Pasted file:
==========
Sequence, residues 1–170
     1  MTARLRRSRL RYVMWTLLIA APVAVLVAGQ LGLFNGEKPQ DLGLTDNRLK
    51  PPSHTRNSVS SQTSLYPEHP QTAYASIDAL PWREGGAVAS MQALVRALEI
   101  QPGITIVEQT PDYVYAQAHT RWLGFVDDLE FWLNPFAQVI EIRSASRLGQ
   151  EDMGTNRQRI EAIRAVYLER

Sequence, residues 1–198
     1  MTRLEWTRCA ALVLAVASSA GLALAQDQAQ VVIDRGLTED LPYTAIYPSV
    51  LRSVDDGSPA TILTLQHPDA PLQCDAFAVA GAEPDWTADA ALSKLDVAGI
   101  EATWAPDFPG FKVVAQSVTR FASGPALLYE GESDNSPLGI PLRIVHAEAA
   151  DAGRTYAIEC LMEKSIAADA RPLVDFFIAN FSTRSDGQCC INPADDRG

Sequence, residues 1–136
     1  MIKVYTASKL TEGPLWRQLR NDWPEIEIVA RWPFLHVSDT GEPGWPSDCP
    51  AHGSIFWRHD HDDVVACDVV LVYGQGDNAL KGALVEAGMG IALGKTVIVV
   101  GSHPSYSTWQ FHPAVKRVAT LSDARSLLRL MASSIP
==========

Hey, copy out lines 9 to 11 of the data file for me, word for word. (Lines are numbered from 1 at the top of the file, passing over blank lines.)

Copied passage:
   101  EATWAPDFPG FKVVAQSVTR FASGPALLYE GESDNSPLGI PLRIVHAEAA
   151  DAGRTYAIEC LMEKSIAADA RPLVDFFIAN FSTRSDGQCC INPADDRG

Sequence, residues 1–136